However, I do think that a basic level of self-sufficiency is something we all should desire and strive to attain. What does a basic level of self-sufficiency cost?
72 hour Disaster Kit
You can probably put one together from what you have on hand. According to FEMA:
“Commercially available disaster kits can range from $75 to $300 and up, but most of the pieces of a disaster kit are already in the home and just need to be gathered together and stored in one place.”
Keep cash available as well – do you remember 2008 – when the credit market almost screeched to a halt? Credit cards were refused in the stores.
One year of disaster.
According to Life Training – you may want the below in your years supply of food, in addition to your 72 hour kit.
Costs for these items would depend on your area and the time of the year and would not be limited to the actual purchase price. You have to store those grains and legumes and sugar where the bugs and critters can’t get into them. You have to keep them dry and fresh and you have to rotate through the goods so you aren’t eating 10 year old corn when the time comes.
|Grains:||400 lbs.||Includes wheat, flour, rice, corn, oatmeal, and pasta.|
|Legumes:||60 lbs.||Includes dry beans, split peas, lentils, etc.|
|Powdered Milk:||16 lbs.|
|Cooking Oil:||10 quarts||16 pounds shortening equals 10 quarts of oil.|
|Sugar or Honey:||60 lbs.||67 pounds of honey equals 60 pounds of sugar.|
|Water (2 weeks):||14 gallons||Suggested for a two week emergency reserve.|
The Church of Jesus Christ of Latter Day Saints officials have long encouraged members to be prepared and suggest the following be assembled – most of which could be gathered from current household items or added slowly over time:
- Three-month supply of food that is part of your normal daily diet.
- Drinking water.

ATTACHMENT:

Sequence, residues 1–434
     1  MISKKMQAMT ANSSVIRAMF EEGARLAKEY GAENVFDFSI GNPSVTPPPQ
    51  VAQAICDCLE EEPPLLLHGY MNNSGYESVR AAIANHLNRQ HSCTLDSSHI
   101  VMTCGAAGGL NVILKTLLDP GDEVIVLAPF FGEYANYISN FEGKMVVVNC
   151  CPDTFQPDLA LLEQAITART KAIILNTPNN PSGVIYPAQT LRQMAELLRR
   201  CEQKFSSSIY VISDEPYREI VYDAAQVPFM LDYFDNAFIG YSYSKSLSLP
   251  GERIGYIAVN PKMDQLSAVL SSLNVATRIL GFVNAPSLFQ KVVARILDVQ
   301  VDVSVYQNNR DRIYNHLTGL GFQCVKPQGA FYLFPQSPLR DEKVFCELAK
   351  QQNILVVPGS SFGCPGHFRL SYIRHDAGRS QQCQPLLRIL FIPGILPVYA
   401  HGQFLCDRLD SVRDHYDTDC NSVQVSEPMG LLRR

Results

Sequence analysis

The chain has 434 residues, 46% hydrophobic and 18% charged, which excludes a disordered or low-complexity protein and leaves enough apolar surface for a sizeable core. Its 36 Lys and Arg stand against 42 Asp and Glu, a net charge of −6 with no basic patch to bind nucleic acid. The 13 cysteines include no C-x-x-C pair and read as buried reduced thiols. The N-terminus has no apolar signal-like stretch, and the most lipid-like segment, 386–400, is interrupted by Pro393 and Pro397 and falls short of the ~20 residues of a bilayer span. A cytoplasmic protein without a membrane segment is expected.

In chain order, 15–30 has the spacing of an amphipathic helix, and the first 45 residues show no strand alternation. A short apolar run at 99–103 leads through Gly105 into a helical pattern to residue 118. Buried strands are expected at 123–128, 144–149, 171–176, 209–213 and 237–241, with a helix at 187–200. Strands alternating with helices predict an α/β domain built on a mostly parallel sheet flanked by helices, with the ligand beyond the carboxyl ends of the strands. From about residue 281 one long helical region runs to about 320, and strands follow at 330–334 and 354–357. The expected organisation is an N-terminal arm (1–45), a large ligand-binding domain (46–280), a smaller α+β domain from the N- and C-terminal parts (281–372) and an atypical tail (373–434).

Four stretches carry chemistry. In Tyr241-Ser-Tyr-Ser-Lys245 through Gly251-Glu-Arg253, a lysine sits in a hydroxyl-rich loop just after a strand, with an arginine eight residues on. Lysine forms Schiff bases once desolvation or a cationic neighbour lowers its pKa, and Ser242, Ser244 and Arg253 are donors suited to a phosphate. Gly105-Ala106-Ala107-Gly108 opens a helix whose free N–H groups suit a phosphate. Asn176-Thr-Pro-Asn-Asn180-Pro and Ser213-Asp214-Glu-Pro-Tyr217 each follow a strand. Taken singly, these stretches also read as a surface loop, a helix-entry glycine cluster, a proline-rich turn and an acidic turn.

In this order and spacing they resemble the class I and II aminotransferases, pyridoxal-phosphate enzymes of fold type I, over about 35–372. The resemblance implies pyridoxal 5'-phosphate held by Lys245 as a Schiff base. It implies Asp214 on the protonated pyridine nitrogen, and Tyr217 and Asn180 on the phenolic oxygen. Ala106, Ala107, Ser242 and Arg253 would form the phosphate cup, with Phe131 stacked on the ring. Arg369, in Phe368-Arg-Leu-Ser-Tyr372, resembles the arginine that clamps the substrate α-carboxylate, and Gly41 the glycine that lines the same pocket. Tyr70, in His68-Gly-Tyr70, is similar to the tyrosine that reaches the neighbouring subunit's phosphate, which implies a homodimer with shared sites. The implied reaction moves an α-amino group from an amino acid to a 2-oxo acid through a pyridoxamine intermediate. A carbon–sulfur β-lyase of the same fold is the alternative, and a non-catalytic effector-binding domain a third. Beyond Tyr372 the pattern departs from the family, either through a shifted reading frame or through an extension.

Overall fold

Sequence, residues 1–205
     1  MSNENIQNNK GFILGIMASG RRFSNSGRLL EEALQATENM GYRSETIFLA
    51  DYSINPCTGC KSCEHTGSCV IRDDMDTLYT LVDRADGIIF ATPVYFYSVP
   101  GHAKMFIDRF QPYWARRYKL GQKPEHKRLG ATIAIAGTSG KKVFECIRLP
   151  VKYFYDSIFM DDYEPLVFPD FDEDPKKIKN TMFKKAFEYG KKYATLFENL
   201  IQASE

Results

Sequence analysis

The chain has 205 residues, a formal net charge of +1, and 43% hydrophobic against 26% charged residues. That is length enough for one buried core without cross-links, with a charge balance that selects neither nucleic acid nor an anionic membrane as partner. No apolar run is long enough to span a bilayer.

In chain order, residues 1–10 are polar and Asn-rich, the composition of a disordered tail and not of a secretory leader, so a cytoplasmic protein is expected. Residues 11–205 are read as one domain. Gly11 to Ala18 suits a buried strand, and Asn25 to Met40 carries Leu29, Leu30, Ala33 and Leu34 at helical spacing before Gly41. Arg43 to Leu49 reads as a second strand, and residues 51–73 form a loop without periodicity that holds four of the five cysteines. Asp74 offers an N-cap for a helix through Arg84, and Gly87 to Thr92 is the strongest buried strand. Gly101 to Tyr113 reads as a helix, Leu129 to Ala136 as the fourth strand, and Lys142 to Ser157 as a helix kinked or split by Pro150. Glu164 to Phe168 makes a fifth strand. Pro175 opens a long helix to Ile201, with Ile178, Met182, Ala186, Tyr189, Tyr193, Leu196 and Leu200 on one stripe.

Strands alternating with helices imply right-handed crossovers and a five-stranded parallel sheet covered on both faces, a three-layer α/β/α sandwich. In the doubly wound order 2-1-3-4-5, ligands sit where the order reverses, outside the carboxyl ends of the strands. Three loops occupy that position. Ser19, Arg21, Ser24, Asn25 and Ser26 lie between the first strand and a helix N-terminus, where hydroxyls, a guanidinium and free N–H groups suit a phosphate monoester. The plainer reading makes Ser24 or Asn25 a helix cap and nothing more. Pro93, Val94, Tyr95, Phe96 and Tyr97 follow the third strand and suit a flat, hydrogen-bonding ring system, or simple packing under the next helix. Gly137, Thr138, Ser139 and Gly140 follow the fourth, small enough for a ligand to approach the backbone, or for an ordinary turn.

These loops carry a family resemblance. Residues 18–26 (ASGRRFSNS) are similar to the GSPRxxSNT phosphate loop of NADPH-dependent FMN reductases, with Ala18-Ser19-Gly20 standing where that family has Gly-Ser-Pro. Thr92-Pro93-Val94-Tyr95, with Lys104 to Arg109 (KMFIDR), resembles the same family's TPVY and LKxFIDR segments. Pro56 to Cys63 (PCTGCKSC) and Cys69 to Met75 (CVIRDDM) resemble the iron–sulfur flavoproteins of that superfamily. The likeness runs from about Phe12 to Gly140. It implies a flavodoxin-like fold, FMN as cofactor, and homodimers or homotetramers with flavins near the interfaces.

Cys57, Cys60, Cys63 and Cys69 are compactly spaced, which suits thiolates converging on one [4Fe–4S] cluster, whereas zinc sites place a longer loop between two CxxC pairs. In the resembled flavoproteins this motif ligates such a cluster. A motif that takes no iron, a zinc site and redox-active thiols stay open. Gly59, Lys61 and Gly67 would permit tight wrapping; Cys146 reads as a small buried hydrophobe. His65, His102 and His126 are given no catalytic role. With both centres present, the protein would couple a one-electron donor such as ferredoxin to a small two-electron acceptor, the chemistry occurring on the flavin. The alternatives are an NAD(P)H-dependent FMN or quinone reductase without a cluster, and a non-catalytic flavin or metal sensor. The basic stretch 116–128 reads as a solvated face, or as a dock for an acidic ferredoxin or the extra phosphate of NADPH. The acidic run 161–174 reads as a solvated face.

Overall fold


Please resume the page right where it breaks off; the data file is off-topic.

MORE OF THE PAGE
- Financial reserves.
- Longer-term supply of basic food items.
- Medication and first aid supplies.
- Clothing and bedding.
- Important documents.
- Ways to communicate with family following a disaster.
Taking it further.
A book I recently read, Family Fortunes, by Bill and Will Donner suggest that your family should have a ‘bolt hole’ – somewhere for the whole extended family to gather and be safe while living through natural, economic, political, nuclear, biological or extraterrestrial disasters.
Companies that manufacture disaster shelters claim that the shelters have been installed in all major cities in the country. These puppies can be quite luxurious and cost tens of thousands of dollars. They are a far cry from the backyard fallout shelters everyone was building when I was growing up in the 1950′s.
Individuals, as noted in this CNN Money article , have spent hundreds of thousands of dollars to try to ensure that they and theirs will survive a nuclear or other holocaust and be able to lead the straggling survivors into a brave new world.
Would I love to be totally self-sufficient? Sure. To me that would mean that if need be, I could use my own never ending supply of water, fuel, power, food and sanitation – for as long as need be. To me, that would mean that I own land, have a well, lots of trees and a wood burning stove – as well as an electric generator with backup fuel, an outdoor privy with an indoor commode, a garden, a caner and jars and a means of hunting meat. But, I don’t have these things and at my age, I’m not likely to pursue them because I personally don’t think the consequences of the risk of total disaster to my family are large enough. But, I do need to get that hand crank radio, duck tape and sheets of plastic!
What level of self-sufficiency do you think is needed to prepare your family to survive and thrive in an emergency or disaster?